The ocean is full of uranium. Well, not really “full.” The concentration of dissolved uranium in seawater is around three parts per billion: for every billion molecules of water, salt, dead fish bits and whatever else makes up a scoop of sea water, three of those atoms will be uranium. But the absolutely massive size of the ocean means that there is still a lot of uranium floating around out there, most often tied up with a pair of oxygen atoms to form the dissolved compound uranyl.
Scientists have long wanted to extract this uranium for use in nuclear power plants. “The world’s oceans hold nearly 1,000 times more uranium than all known land-based sources,” says Chemical and Engineering News. “The total, an estimated 4 billion metric tons, could supply the nuclear power industry’s fuel needs for centuries, even if the industry grows rapidly.”
Plucking uranium out of the sea would likely be much better for the environment than mining it from the ground. But, as you can imagine, getting a few lonely atoms from a pool of billions is a difficult and expensive task.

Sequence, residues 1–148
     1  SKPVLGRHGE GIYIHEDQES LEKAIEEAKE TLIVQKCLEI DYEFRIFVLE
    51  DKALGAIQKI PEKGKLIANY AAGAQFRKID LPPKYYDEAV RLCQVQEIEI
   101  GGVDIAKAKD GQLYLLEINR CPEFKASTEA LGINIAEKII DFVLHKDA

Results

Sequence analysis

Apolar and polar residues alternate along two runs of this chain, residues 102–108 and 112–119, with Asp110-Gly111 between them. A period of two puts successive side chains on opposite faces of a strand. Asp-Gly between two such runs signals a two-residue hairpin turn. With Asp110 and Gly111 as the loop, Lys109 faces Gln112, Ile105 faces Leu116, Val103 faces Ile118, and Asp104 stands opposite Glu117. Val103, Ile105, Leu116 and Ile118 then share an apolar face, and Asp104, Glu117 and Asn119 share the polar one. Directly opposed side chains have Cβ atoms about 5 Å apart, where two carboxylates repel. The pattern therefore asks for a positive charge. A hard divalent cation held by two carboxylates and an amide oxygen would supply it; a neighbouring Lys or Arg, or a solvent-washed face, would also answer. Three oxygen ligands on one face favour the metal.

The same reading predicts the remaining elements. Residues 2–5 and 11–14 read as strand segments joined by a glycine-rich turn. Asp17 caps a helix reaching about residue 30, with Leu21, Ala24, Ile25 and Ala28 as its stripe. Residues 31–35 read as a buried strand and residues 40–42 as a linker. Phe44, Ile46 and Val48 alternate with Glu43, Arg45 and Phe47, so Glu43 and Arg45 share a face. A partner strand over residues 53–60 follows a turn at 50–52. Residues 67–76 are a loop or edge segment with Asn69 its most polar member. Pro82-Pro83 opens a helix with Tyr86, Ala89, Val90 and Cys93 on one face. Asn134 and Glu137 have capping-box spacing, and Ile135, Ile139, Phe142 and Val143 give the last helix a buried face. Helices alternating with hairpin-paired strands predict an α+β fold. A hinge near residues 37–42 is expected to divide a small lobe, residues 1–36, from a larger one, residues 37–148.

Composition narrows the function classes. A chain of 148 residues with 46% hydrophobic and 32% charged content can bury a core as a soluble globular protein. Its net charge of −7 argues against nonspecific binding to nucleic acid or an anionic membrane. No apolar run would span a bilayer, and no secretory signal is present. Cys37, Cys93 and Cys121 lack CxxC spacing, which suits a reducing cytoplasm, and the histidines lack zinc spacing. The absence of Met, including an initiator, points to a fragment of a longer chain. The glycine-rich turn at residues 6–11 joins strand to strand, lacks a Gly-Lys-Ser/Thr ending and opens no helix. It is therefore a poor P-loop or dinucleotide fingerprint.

According to C&EN, scientists working with metal-organic frameworks have developed a new type of material that can latch on to uranium floating in sea water. These frameworks are a relatively new class of compounds that have captivated chemists in recent years for their ability to selectively attract and bind on to very specific target chemicals. The new compound is around four times better than the previous best bet for trapping dissolved uranium.
And aside from putting the new metal-organic framework to work sifting the ocean waters for uranium, tweaks to the compound could theoretically also offer a way to help clean-up efforts during radioactive leaks or other situations where super-selective chemical nets would be useful.
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